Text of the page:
I woke up in the morning reflecting on a piece of writing I had just handed in. I was wondering if it was readable. It is the very beginning of my thesis. The problem with rewriting and rewriting the introduction as I have been doing is that you can no longer read it and see whether it is comprehensible to an outsider. Had I been too difficult? Had I covered the relevant stuff? Was it clear what I was saying. I read it again after I had brushed my teeth. It sounded okay to me. However, I knew my subject inside and out. I was an expert in it. The question was whether a beginner would know what I was talking about.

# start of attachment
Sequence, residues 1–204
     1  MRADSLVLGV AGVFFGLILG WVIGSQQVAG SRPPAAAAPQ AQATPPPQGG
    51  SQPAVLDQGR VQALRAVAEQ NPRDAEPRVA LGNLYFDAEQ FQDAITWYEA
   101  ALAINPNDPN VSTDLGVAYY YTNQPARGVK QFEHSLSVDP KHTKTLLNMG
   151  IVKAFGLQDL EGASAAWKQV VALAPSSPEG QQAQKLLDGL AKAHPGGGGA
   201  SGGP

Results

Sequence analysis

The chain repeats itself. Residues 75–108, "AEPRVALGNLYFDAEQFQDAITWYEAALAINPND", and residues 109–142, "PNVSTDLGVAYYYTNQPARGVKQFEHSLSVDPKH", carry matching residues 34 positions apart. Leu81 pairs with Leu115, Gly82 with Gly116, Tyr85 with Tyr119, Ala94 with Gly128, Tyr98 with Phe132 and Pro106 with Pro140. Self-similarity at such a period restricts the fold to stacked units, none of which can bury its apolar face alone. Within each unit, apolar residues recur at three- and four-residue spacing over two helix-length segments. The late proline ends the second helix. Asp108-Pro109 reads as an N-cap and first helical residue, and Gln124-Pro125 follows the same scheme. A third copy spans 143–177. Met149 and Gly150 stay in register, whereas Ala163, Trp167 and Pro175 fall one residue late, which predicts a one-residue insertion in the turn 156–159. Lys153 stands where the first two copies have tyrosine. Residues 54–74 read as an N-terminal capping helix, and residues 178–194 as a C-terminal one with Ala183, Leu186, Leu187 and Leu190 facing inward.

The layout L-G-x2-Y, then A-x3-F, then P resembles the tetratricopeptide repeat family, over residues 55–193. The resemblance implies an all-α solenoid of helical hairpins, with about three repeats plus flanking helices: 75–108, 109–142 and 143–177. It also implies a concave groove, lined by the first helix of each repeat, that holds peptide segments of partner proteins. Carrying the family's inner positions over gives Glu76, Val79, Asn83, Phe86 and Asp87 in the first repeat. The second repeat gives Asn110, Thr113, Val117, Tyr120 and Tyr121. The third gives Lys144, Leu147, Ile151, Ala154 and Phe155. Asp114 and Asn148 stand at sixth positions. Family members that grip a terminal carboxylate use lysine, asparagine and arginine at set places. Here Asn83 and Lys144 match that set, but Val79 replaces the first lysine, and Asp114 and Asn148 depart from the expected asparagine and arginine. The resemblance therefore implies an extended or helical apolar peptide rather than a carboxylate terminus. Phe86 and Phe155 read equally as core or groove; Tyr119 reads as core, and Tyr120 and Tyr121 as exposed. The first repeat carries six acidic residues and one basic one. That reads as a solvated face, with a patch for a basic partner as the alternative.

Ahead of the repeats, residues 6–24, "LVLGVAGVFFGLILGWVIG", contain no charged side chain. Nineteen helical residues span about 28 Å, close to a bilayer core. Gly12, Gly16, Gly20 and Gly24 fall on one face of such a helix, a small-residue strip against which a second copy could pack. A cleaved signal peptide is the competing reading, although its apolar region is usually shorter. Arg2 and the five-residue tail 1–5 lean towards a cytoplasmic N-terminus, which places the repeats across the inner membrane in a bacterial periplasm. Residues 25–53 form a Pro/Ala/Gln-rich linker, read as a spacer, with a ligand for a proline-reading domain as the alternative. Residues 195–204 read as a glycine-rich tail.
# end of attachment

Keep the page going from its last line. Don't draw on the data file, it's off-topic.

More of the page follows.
I was pretty relieved to have finished the piece although I was also dreading the extra work of polishing up and correcting it would inevitably bring. I had therefore decided to take the day off and fit in some weight training and swimming. However, I had woken up with a peculiar pain on the right hand side of my breast which made me abandon the exercise. I felt something tear in the muscle as I was lying there on my back. It is a peculiar thing, but increasingly, I have noticed these little pains in the body. They can last for one or two days or even less time. The question is, why do they occur? What is happening in the body for these little pains to emerge? They don’t do any damage. They aren’t worth wasting the time of a doctor for. They aren’t serious. Is the body committed to inflicting pain upon itself? Some psychoanalytic theories say so and say that pain is a form of joy that the body desires. The little pains could well be psychosomatic. The problem, as always, is other people. Other people don’t talk about whether they have such little pains on a regular basis. It is therefore impossible to verify whether they feel these fleeting tortures or not and to find out information about them. I suppose that medical writers must have written about them, but my lack of medical knowledge makes me refrain from trying to make an inroad into the vast amount of literature that is available. The pain is still there while I write, notwithstanding my ignorance of it.